Green Mill liquor penalty could go into effect in January
WILLMAR -- Green Mill's liquor license would be suspended five days in January rather than in December if the Willmar City Council approves a Finance Committee recommendation.
The committee voted Monday evening to recommend Green Mill's license to sell alcohol be suspended from Jan. 3 through 7 rather than Dec. 22 through 26.
Green Mill was one of seven establishments to fail a police department liquor license compliance check in late October by selling alcohol to an underage police decoy. Rather than pay the $750 fine and suspend alcohol sales for five like Kandi Entertainment Center, which also failed the compliance check, Green Mill ap-pealed to the committee.
Green Mill said its server was familiar with the decoy, and consequently did not ask for identification.
The Finance Committee held an appeal hearing on Nov. 30 and voted to recommend the council grant the appeal pending the outcome of the criminal case against the server. However, the council voted down the appeal on Dec. 7 and sent the matter back to the Finance Committee for further consideration.
During the second hearing, Joe Kohaut, Green Mill vice president of food and beverage, asked for a delay until January because the restaurant would lose from $8,500 to $10,000 in alcohol sales, not including associated food sales, and servers would lose an estimated $1,500 in tips during the holiday season.
City Clerk-Treasurer Kevin Halliday said the practice has been to follow the ordinance. After a 7-day appeal, the council votes and the license is suspended for the 5 days. "The way I read it, it does say immediate. That would be Dec. 22 to 26,'' he said.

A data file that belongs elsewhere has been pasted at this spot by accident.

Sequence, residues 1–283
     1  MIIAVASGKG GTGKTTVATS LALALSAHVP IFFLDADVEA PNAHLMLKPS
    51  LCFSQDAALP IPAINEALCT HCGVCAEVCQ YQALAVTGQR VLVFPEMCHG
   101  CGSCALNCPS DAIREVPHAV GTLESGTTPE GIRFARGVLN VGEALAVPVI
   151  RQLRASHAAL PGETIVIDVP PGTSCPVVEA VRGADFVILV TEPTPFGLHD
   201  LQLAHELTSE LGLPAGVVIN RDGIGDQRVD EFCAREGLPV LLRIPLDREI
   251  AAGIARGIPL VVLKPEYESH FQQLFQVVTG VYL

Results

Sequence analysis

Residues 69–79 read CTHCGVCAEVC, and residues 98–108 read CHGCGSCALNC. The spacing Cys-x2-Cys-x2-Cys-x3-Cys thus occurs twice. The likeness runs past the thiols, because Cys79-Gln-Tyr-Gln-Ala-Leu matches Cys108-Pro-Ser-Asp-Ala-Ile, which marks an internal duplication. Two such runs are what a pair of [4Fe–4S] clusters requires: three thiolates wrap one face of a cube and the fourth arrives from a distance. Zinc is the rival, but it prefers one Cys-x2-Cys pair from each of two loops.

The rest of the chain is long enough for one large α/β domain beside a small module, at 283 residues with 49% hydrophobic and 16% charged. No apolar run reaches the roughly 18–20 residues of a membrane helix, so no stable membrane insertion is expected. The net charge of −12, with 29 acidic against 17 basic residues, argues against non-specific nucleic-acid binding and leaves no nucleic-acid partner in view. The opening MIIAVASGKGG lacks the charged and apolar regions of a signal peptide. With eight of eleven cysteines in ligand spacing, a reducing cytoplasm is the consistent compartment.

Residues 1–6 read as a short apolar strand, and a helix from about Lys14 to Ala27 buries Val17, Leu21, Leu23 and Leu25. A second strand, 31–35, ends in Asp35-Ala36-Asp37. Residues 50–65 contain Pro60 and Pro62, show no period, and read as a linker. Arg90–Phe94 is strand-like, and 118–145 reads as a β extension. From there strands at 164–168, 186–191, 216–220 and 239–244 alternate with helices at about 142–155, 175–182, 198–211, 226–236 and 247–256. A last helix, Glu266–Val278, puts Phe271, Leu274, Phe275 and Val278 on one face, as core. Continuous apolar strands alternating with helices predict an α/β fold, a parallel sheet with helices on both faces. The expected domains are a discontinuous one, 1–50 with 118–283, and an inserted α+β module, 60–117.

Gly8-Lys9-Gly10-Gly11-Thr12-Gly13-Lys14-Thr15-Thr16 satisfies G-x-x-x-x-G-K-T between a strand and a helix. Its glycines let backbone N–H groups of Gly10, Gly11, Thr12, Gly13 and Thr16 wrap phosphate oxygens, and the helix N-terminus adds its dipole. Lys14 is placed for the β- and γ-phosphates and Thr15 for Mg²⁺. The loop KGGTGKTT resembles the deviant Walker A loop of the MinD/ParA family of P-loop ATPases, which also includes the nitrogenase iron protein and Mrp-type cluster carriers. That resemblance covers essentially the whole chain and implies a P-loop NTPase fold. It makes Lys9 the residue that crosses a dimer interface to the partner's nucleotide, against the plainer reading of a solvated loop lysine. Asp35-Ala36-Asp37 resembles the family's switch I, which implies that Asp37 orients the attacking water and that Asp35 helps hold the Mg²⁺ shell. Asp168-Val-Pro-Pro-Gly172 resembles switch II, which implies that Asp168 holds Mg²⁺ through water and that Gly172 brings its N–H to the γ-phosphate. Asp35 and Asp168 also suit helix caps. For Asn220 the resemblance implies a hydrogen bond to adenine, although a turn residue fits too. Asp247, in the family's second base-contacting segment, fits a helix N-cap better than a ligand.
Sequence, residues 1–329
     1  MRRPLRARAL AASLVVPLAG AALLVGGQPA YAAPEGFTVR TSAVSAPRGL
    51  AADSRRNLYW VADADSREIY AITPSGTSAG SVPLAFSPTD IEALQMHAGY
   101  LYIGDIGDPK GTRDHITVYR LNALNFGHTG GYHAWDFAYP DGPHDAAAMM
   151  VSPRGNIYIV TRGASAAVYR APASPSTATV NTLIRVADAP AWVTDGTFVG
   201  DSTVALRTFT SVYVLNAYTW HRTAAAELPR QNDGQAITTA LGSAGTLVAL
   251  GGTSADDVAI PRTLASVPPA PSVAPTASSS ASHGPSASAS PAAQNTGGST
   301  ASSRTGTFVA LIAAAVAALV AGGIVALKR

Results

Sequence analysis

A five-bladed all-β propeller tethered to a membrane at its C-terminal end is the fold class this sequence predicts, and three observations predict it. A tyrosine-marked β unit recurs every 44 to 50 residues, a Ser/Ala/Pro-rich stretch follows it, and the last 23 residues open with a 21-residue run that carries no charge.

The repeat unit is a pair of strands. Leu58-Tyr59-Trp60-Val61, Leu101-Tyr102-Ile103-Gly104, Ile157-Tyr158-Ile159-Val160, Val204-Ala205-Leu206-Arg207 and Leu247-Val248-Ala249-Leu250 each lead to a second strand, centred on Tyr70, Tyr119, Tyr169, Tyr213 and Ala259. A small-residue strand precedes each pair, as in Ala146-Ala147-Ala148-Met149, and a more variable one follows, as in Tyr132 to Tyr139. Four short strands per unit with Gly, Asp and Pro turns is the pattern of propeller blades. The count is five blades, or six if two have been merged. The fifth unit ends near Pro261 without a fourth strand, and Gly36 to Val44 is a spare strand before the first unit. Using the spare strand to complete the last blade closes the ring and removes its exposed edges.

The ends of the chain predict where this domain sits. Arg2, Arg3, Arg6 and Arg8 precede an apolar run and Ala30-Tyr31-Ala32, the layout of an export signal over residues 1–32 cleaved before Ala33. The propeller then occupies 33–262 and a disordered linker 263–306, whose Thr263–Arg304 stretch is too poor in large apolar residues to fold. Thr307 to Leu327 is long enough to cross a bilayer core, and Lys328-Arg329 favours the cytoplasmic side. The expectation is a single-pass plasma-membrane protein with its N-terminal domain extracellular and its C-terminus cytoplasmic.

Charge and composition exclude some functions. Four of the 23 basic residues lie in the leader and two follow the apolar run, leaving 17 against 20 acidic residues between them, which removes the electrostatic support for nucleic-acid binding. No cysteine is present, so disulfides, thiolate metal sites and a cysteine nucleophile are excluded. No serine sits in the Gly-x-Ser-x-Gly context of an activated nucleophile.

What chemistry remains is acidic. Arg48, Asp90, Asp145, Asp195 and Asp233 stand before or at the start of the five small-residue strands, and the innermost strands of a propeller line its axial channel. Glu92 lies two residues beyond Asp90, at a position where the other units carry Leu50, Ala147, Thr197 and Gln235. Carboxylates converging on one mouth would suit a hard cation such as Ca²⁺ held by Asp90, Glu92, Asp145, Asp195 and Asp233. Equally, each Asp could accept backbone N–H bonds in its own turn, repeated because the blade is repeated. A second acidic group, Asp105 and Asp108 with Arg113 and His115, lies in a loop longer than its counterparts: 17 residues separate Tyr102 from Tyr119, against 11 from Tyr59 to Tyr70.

Halliday asked City Attorney Rich Ronning if Green Mill's request was allowable under the ordinance.
Ronning said he believes some of the delay is the fault of the city because of the way the first hearing was resolved.
"I think you have discretion to make an exception, but the ordinance is clear,'' he said. "You can do that because of the extenuating circumstances of this, not saying it's a practice you should adopt in future ones.''
City Administrator Michael Schmit said Green Mill would have been closed Dec. 8 through 12 if the matter had been resolved and the ordinance followed after the first hearing.
Committee Chairman Denis Anderson said the facts are not in dispute. He said the server did not ask the decoy for her identification. He said the intent of the ordinance is to keep underage persons being served alcohol.
"Is there a better way to handle it, I don't know. I am a stickler for the rules. We have to stay with it,'' he said.
Committee member Tim Johnson said the server recognized the decoy from past experience and made an honest mistake in believing the decoy was legally allowed to be served. He said the decoy didn't affirmatively misrepresent her age, but indirectly misrepresented her age.
"We have people who have no intent to do anything wrong. The server made an assumption. That's what bothers me. It's a status offense. The server doesn't intend to do anything wrong,'' he said.
Doug Reese said he was not sure how the decoy misrepresented her age.
"It's our law,'' he said. "We've said how these businesses have to operate. One of those things is compliance checks and they have to ask (for identification) to make sure they're not selling to somebody. The consequences are set by the council. Other businesses failed and paid the price for doing so. We have no other choice but to follow the law we set.''